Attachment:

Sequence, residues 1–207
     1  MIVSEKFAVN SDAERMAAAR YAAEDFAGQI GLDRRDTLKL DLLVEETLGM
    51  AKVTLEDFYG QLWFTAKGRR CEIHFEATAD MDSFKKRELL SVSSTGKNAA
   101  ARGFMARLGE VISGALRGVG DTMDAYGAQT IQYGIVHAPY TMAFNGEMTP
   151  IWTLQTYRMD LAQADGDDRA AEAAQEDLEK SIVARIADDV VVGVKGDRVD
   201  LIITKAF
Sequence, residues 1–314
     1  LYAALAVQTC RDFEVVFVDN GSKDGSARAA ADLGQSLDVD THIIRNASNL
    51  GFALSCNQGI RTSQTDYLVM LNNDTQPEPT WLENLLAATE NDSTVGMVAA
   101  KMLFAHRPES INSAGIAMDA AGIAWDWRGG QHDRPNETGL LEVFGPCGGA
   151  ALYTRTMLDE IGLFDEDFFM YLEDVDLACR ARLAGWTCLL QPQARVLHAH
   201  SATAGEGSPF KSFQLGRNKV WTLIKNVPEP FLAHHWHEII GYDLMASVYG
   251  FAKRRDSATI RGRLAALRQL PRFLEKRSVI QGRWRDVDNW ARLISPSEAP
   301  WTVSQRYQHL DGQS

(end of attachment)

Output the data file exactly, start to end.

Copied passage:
Sequence, residues 1–207
     1  MIVSEKFAVN SDAERMAAAR YAAEDFAGQI GLDRRDTLKL DLLVEETLGM
    51  AKVTLEDFYG QLWFTAKGRR CEIHFEATAD MDSFKKRELL SVSSTGKNAA
   101  ARGFMARLGE VISGALRGVG DTMDAYGAQT IQYGIVHAPY TMAFNGEMTP
   151  IWTLQTYRMD LAQADGDDRA AEAAQEDLEK SIVARIADDV VVGVKGDRVD
   201  LIITKAF
Sequence, residues 1–314
     1  LYAALAVQTC RDFEVVFVDN GSKDGSARAA ADLGQSLDVD THIIRNASNL
    51  GFALSCNQGI RTSQTDYLVM LNNDTQPEPT WLENLLAATE NDSTVGMVAA
   101  KMLFAHRPES INSAGIAMDA AGIAWDWRGG QHDRPNETGL LEVFGPCGGA
   151  ALYTRTMLDE IGLFDEDFFM YLEDVDLACR ARLAGWTCLL QPQARVLHAH
   201  SATAGEGSPF KSFQLGRNKV WTLIKNVPEP FLAHHWHEII GYDLMASVYG
   251  FAKRRDSATI RGRLAALRQL PRFLEKRSVI QGRWRDVDNW ARLISPSEAP
   301  WTVSQRYQHL DGQS